With only 42.947 km2 shared by a population of 5,8 million inhabitants, fertile soils suitable for intense agriculture and a humid temperate climate, Denmark is a country where every m2 has a purpose and every m2 is accounted for. The landscape is constructed through human marshalling of natural resources – even where nature is top priority. In fact, pristine nature is nonexistent, and what’s considered pristine anyway, is usually managed carefully. In this ongoing project (that one day might materialize into a photobook with the working title “42.947 km2”) I explore the altered landscapes of Denmark. It isn’t a sentimental quest. I’m not searching for the remains of what once was, but for the present signs and patterns of human appropriation. Even though it might sound like blending oil and water, my intention is to have a slightly topographic approach (kind of like an Anthropocene frontier) while taking advantage of the intimacy I have gained through a lifelong acquaintance with the landscape. Through the project I want to present an alternative perspective on the Danish countryside – an alternative to the preferred nostalgic, romantic and pastoral view favored by the majority and comfortably affirmed and celebrated through mass produced pictures of beauty spots where the dream of the land reaches a melodramatic climax. Quite often I’m pointing the camera in the opposite direction - metaphorically speaking. My attention is directed towards the spaces that humans appropriate and construct in the Anthropocene landscape – towards the places where human intervention is pronounced - for better or for worse. Ok. Fair enough. But what am I hoping to achieve as an Anthropocene frontier exploring the altered landscapes of Denmark? It’s not crystal clear but since the book is far from being published, I have plenty of time to think it over. But I have a vague idea about causing reflection (conscious and subconscious) about the footprints we leave while we are here – metaphorically speaking and (indeed) literally speaking. Even though we have only been around for a split second our impact has been immense. That calls for attention. You can consider it my call – it’s not through a megaphone but merely an ambiguous whisper. The words are hardly discernable – but you know they are there if you listen carefully.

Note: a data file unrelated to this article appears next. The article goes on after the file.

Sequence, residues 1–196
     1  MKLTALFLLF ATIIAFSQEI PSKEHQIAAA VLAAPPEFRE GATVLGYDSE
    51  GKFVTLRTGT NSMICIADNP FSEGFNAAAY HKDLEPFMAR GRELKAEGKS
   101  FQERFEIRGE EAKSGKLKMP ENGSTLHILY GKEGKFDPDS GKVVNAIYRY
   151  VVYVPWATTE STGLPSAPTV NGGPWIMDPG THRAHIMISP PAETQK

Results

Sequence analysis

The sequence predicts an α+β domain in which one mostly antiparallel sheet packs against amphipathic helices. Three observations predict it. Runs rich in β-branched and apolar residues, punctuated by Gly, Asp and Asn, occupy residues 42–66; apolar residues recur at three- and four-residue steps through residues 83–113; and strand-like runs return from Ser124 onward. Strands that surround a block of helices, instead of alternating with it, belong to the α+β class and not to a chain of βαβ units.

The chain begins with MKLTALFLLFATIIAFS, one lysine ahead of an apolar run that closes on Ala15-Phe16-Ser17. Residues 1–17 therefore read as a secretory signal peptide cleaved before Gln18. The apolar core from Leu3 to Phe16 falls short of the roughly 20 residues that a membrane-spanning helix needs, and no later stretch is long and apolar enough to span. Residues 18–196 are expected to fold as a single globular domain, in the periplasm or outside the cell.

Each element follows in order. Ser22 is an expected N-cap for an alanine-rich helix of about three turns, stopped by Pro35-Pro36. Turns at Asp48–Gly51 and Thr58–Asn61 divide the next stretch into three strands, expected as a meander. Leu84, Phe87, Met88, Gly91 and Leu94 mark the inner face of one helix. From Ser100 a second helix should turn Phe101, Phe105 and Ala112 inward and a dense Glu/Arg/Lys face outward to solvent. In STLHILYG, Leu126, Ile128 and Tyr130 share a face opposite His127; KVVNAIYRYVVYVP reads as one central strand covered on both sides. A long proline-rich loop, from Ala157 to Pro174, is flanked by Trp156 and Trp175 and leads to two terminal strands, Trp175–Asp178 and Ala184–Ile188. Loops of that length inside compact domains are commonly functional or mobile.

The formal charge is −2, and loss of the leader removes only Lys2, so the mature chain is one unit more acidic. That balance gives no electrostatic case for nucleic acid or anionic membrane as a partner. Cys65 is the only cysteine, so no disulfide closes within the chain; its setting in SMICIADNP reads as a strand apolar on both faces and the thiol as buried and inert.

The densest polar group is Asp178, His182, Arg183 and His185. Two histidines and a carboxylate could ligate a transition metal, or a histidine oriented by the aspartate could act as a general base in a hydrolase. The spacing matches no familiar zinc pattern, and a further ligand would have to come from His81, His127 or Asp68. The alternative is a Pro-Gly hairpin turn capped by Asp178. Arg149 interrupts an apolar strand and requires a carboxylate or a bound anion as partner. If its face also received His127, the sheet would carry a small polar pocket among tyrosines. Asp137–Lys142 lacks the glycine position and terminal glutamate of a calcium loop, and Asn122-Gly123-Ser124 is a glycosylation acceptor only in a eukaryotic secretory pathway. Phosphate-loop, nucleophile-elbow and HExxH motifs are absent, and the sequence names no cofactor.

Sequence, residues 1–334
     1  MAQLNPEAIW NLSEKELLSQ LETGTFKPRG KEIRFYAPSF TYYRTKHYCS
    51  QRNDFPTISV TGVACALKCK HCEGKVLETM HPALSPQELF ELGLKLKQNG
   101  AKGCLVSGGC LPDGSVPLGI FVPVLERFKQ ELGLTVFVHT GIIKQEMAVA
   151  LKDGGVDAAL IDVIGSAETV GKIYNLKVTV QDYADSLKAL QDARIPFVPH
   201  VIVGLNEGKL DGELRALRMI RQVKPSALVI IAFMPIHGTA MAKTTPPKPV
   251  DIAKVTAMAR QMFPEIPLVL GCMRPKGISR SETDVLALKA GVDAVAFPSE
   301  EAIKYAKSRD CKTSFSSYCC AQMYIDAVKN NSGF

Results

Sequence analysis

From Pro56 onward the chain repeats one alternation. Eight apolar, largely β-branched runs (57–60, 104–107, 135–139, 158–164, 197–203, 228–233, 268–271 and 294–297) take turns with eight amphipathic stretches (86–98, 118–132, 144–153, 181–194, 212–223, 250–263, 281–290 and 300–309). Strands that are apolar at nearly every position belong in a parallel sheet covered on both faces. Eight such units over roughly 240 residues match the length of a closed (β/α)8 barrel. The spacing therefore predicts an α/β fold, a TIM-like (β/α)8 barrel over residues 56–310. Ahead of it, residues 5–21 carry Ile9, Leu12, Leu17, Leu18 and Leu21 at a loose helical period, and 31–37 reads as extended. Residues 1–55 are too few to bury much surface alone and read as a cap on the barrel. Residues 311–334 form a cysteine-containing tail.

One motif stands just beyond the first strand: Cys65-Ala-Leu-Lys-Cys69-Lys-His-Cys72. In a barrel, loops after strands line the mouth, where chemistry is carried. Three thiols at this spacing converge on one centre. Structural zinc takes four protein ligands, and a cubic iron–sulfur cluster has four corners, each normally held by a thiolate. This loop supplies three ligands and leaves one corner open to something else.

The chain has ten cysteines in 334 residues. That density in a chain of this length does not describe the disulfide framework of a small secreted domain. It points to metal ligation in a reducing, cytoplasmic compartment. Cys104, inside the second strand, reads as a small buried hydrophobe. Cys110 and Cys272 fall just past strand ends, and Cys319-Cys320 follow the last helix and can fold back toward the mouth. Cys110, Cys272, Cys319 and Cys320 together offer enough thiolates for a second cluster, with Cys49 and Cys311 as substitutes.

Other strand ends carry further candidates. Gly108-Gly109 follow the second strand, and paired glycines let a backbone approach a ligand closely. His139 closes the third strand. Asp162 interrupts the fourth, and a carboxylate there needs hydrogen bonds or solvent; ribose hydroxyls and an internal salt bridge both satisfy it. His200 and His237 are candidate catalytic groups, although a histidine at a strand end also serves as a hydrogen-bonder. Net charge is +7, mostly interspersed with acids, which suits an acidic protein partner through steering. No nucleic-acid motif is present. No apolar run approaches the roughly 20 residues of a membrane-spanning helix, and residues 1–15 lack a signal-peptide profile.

Copyright Troels Bjerre 2020
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